As I pointed out before, if this crisis has highlighted something, it’s the need to work in a coordinated manner, joining forces across sectors, be they public or private, to find solutions. A good example of this is biomedical research and the strengthening of the research sector, which are more important than ever before. This is an especially relevant aspect for companies like Roche, a leader in biomedical R&D in Spain, where we invest more than 60 million euros in clinical research, which translates into nearly 300 clinical trials in hospitals with the participation of more than 16,000 patients. It is essential to maintain this activity during the current crisis, and for this reason Roche has been working for months now on a new premise driven by the impact of COVID-19, which will include telemedicine and the extended use of digital tools to numerous aspects of clinical research and healthcare activity that were previously carried out in person.

How are the big pharmaceuticals holding up agains this complex and as-yet uncontrolled situation?

There is no doubt that the pandemic has significantly accelerated the transformation in which our sector was already immersed, which had been driven by the increasing digitalization of the health system and by advancements in what we call the omics sciences – genomics, proteomics, for example. Both of these factors have opened the door to a new research model that translates into innovations that are increasingly framed within what we call personalized medicine, which at its heart is simply providing each patient with the treatment that best suits the particular molecular profile of the disease they are suffering from at the most opportune time.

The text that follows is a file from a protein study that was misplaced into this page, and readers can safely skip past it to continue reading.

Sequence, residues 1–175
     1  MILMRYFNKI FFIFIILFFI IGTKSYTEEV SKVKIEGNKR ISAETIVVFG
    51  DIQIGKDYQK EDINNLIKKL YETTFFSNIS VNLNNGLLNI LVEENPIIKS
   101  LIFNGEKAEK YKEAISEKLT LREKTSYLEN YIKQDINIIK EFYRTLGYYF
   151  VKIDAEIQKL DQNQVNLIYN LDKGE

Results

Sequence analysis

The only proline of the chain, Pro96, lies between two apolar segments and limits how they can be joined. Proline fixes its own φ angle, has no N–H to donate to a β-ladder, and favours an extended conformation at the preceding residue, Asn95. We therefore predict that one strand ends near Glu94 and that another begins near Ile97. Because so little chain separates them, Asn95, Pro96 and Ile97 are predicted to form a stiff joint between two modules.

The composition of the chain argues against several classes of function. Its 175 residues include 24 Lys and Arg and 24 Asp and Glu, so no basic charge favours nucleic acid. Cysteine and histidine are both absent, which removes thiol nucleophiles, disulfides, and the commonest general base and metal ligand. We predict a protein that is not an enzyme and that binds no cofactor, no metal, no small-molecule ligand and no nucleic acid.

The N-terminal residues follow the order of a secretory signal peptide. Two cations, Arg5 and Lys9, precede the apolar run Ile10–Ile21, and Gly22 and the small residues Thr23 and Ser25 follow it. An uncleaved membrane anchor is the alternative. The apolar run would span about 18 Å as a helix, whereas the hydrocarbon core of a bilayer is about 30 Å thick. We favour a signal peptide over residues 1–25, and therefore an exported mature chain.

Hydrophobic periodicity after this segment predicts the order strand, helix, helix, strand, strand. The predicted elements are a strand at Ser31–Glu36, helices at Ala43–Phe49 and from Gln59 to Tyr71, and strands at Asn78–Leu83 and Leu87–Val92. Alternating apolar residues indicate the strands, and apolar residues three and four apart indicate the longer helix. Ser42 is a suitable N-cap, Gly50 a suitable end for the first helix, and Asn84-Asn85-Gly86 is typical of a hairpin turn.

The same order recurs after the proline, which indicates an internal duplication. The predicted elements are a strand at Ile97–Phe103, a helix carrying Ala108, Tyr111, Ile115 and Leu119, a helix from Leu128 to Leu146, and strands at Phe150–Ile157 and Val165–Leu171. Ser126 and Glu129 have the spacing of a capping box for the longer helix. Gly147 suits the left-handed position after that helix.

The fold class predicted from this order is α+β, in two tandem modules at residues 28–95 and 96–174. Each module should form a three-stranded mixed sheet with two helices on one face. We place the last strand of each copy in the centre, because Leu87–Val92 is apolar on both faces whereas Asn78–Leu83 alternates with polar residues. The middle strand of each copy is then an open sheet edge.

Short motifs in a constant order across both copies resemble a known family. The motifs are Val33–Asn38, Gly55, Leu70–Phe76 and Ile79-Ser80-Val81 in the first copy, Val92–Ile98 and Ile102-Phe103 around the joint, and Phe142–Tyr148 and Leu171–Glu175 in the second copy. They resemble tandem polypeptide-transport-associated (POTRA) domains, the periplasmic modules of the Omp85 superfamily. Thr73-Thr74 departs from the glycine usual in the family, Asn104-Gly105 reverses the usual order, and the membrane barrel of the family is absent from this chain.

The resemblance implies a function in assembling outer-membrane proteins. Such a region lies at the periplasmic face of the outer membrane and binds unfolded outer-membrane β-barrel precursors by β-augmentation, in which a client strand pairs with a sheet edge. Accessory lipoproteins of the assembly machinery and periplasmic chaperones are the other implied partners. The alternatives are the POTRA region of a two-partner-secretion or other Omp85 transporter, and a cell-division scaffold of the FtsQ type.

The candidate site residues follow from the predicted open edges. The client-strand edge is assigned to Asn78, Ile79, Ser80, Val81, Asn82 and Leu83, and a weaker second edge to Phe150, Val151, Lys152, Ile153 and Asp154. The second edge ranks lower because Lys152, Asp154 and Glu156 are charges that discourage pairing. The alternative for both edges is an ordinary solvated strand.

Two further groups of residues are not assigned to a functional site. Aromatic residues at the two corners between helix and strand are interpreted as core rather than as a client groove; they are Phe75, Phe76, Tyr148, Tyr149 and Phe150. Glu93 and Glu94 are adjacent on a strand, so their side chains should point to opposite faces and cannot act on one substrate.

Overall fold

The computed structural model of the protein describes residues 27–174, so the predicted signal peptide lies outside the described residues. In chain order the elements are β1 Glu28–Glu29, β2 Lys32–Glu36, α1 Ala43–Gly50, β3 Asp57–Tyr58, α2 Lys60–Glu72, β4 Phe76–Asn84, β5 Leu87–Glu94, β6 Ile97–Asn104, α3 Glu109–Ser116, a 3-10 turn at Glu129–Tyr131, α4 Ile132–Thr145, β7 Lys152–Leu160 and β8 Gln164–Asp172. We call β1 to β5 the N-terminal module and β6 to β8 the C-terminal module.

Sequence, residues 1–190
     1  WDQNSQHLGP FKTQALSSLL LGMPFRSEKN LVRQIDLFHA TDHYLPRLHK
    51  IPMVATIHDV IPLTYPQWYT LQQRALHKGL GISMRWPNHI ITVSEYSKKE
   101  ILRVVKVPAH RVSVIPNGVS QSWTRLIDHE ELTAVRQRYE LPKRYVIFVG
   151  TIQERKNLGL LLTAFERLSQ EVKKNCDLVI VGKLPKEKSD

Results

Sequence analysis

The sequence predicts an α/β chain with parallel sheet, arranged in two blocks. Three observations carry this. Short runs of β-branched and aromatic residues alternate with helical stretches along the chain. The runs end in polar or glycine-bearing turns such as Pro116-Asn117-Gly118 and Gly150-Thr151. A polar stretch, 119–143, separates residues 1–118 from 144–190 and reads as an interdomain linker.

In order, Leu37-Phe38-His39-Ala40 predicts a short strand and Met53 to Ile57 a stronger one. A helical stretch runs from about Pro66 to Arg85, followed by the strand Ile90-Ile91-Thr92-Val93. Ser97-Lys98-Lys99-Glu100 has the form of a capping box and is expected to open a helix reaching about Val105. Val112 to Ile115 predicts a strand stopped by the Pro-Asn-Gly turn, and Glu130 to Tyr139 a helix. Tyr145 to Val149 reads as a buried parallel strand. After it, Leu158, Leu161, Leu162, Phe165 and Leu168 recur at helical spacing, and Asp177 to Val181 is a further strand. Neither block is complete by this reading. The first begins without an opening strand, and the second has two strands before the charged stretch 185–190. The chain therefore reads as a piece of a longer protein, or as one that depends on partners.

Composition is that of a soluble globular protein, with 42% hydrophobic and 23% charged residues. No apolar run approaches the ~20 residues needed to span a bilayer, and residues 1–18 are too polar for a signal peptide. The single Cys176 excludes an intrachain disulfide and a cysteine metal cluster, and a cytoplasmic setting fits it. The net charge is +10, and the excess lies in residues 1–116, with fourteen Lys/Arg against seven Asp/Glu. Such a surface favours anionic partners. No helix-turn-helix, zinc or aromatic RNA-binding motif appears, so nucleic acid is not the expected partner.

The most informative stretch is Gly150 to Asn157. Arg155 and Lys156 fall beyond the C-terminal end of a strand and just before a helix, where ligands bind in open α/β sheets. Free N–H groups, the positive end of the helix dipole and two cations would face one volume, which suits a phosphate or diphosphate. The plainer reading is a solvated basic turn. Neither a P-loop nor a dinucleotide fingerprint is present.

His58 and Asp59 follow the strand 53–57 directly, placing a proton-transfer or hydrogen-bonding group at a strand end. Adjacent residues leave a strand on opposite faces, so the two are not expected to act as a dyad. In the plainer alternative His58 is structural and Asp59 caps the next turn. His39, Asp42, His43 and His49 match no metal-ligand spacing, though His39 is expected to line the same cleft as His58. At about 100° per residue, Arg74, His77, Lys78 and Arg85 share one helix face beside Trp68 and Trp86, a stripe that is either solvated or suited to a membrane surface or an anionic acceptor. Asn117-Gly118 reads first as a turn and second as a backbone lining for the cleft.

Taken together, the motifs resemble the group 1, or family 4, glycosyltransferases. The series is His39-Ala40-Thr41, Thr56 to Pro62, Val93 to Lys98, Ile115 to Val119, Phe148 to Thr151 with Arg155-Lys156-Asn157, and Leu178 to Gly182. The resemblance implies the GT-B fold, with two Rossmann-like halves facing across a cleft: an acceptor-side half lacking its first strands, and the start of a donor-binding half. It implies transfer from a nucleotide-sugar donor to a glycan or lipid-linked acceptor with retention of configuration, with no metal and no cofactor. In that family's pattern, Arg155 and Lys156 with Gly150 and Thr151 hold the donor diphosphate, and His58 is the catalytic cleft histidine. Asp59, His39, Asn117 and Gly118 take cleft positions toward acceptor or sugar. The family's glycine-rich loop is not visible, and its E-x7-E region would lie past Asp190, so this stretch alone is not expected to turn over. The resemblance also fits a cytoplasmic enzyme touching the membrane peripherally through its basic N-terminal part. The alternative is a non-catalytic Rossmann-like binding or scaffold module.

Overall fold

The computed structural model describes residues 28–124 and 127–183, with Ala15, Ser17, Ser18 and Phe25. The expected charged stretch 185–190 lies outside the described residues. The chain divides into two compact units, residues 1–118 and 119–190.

The pharma sector is undergoing its own transformation and according to the latest studies, it has weathered the pandemic well. How do you see the future?

In terms of the process of research, development and making therapeutic innovations available to patients, the pandemic has spurred our sector on, and we are all adding even more efficiency to a process that was already efficient, and cutting deadlines wherever possible without impacting on patient safety, which is the absolute priority for us. If you think about it, in the space of just a few months, dozens of vaccine and antiviral projects are well under way, and there is already a wide range of diagnostic tests available. That indicates that the sector has picked up the gauntlet, and that it’s going to do everything possible in the future to find ways to solve this unprecedented global health problem, always in collaboration with health authorities around the world.

There is no doubt that the pandemic has significantly accelerated the transformation in which our sector was already immersed, which had been driven by the increasing digitalization of the health system and by advancements in what we call the omics sciences

 You play an essential role, providing care, managing operations and as first point of contact with society in terms of communication. How would rate the communication aspect?

I believe that this crisis has opened the eyes of many people and society at large to the enormous value that the pharmaceutical sector adds to their quality of life. And I say that not only in terms of offering possible solutions in record time but also in terms of our capacity to act as an indispensable collaborator within the health system, as a promoter of research and as an economic driver that brings talent and innovation together.